Three emerging megatrends are catalysing new business models and reshaping real estate, says Selina Short, EY.
EY’s 2020 Megatrends Report is the third edition in a series which commenced in 2016 to explore the large, transformative trends disrupting the world.
Short, EY’s managing partner for real estate and construction at Ernst & Young Australia (EY), says many of the trends glimpsed over a distant horizon in 2016 have arrived.
“Rapid technology adoption and other societal changes catalysed by the COVID-19 crisis have suddenly made the megatrends – like the future of work and health reimagined – more near-term than we could have predicted,” explains Short.
“Many of the emerging megatrends will have a fundamental impact on the property industry. CEOs and boards need to focus on megatrends now to remain competitive.”
While the report outlines a host of fascinating trends – from human augmentation to synthetic media – three megatrends will have a “fundamental impact” on the built environment:
1. Work and life unbounded
The COVID-19 pandemic has blurred the boundaries between work and leisure, but Short says we were already on a trajectory towards a “portfolio approach” to life, where people repeatedly rebalance work, leisure and learning.
“The great work-from-home experiment has had an immediate impact on people’s time. Commutes have disappeared and workers have gained a leisure dividend. But this windfall has been accompanied by other challenges, like maintaining separation between personal and work domains and growing feelings of socialisation.
“Structured work plays an important role in our social fabric. Having people gather in central locations, and then giving most of them the same two days off, builds social cohesion. In other words, the workplace builds social capital,” Short says.
“The challenge for property leaders is to create workplace experiences that transcend the physical boundaries of the work environment. The workplace experience will become a critical competitive differentiator – both in the physical office but also in virtual and remote environments.”
Limiting global warming to 1.5°C means cutting global greenhouse gas emissions by about eight per cent every year for the next decade. “A massive economic transformation is ahead,” says Short.
While Australia’s property industry has been “ahead of the curve” in driving down emissions, “big opportunities to decarbonise business models and value chains remain”. EY’s report points to carbon removal solutions like cost-competitive renewables, microgrids, decentralised energy and “the electrification of everything”.
“More than 3,000 patent applications for carbon removal innovations were submitted in the last decade – and this is a sign of what’s ahead”.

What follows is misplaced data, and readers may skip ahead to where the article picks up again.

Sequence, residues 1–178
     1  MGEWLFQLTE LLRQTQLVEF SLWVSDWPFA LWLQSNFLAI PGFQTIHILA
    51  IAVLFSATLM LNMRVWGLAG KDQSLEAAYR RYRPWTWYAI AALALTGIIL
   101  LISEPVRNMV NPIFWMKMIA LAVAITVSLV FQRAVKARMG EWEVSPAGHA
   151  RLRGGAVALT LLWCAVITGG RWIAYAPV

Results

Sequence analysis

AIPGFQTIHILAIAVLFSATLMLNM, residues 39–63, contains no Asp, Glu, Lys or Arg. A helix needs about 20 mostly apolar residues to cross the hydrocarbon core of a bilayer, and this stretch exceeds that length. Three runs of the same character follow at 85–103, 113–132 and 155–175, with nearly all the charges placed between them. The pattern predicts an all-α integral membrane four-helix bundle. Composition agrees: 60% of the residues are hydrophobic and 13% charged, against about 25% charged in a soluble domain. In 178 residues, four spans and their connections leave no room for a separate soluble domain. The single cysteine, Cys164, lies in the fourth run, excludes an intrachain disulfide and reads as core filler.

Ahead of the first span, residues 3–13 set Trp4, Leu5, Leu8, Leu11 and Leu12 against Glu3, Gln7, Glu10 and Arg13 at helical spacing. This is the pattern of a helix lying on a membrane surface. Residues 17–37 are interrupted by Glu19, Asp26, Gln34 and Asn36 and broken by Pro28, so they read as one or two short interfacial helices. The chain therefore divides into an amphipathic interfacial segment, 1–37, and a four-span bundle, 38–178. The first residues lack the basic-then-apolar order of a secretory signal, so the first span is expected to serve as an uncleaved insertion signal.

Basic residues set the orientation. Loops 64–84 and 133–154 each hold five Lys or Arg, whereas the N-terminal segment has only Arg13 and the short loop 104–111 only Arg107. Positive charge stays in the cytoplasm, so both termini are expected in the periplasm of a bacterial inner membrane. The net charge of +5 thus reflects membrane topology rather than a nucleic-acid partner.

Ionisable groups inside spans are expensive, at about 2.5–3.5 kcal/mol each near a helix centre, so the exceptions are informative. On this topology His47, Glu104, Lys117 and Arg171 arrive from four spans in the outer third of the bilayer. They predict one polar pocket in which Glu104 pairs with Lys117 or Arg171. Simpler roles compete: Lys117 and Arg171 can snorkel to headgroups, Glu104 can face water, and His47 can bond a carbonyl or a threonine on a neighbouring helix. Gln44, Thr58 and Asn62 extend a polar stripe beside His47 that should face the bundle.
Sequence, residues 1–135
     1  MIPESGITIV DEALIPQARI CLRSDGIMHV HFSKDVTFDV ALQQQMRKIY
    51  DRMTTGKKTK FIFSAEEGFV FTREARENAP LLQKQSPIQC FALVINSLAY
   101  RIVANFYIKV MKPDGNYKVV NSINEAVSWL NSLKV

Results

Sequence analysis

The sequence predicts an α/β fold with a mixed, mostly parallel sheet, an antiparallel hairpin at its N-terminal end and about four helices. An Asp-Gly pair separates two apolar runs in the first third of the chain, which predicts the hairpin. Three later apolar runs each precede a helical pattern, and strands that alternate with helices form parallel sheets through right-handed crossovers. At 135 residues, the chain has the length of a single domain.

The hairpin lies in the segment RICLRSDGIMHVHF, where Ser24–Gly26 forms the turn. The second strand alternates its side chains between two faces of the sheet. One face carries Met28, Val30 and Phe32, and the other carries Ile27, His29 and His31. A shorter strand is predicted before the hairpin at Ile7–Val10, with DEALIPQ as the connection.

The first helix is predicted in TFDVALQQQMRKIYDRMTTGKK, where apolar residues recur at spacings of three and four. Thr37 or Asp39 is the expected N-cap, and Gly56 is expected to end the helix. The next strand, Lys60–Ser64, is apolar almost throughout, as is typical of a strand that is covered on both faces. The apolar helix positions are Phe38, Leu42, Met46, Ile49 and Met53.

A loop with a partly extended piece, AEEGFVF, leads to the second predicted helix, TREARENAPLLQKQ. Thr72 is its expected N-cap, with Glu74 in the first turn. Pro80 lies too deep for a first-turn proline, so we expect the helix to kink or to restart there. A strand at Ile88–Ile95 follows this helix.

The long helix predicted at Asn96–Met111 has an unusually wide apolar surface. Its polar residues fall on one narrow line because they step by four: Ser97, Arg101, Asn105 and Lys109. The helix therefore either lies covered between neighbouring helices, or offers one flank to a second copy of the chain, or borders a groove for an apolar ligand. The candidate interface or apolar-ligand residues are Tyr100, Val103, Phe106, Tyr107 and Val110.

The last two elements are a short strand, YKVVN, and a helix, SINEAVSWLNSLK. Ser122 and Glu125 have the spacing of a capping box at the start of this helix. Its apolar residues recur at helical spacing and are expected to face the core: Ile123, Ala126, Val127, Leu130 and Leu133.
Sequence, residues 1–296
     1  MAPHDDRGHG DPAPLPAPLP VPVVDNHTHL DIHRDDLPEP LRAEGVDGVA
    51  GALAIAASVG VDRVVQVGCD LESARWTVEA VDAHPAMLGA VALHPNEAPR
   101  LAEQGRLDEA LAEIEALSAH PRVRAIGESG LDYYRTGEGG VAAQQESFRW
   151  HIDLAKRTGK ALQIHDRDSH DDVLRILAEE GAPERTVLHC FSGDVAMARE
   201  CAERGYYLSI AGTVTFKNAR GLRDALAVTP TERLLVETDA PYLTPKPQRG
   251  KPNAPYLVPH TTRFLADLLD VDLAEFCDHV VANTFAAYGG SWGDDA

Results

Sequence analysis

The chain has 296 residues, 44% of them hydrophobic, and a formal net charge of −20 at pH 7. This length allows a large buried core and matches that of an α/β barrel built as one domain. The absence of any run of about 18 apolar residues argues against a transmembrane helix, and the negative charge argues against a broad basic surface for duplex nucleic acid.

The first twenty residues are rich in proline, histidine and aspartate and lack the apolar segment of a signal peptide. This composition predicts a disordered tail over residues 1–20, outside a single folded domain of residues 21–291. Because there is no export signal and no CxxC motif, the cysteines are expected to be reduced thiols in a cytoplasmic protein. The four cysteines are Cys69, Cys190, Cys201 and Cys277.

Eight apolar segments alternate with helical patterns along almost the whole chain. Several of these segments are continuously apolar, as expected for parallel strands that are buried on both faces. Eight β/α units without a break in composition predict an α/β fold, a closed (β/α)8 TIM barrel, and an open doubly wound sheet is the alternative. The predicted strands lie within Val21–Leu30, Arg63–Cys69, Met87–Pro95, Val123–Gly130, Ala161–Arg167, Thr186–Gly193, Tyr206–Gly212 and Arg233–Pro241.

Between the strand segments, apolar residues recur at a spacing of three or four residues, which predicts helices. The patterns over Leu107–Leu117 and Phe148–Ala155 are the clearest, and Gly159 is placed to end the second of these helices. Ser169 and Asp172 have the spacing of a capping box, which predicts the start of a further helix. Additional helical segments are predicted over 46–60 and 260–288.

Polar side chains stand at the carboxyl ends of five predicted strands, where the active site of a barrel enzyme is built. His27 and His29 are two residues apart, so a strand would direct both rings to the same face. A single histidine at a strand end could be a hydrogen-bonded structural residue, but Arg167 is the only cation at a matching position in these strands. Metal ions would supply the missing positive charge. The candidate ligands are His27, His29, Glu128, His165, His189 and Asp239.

Short says the big opportunity for real estate leaders will be in the convergence of energy and property. “Just as the airlines cracked the credit card space, hotel operators merged into healthcare, the property industry is well positioned to drive disruption in the energy market and grab a piece of the $6 trillion carbon capture pie.”
As an invisible virus reshapes our built environment, one of the more “out there” trends on Short’s radar for real estate is microbiomes.
Microbiomes are the microorganisms found in a particular environment – whether a body or a building.
“Harnessing the capabilities of microorganisms has obvious benefits for health and disease prevention, but microbiomes also influence our built landscape,” Short explains.
New tools – including big data, artificial intelligence and synthetic biology – have emerged to mobilise microbiomes. The work of one consortium, MetaSUB, to map the microbiome of 54 global cities has implications for sustainability, security, safety and urban planning.
“The onset of the COVID-19 pandemic has sparked growing concerns about the possible presence of the virus in the microbiome of the built environment. In response, a biotech company has developed an RNA-based COVID-19 test for businesses to test objects, such as door handles, pin pads and handrails, that could carry the virus,” she says.
“We often talk about ‘building ecosystems’ but the science of microbiomes confirms this is literally the case. Harnessing the power of invisible organisms could be transformative for the way we design, build and operate our spaces.”
Digging deep into megatrends is fascinating, but how can property leaders act on the insights?
“The message from studying megatrends is clear. Every real estate business must keep one eye on today and the other eye fixed firmly on the future,” Short says.
“How will you structure your business to drive innovation? Where will you place your bets? How will you allocate resources today to build your capability for tomorrow? These are the questions that CEOs need to be thinking about.”
“The secret is to be deliberate and intentional, using megatrends as an analytical tool to envision where your business will be and then working backward to craft strategies for today.
“This future-back thinking flips the script on the standard approach of projections, plans and strategies. And importantly, it encourages leaders to confront the reality that businesses will be superseded and entire industries redefined.”
Download EY’s 2020 Megatrends Report.
The views expressed in this article are the views of the author, not Ernst & Young. This article provides general information, does not constitute advice and should not be relied on as such. Professional advice should be sought prior to any action being taken in reliance on any of the information. Liability limited by a scheme approved under Professional Standards Legislation.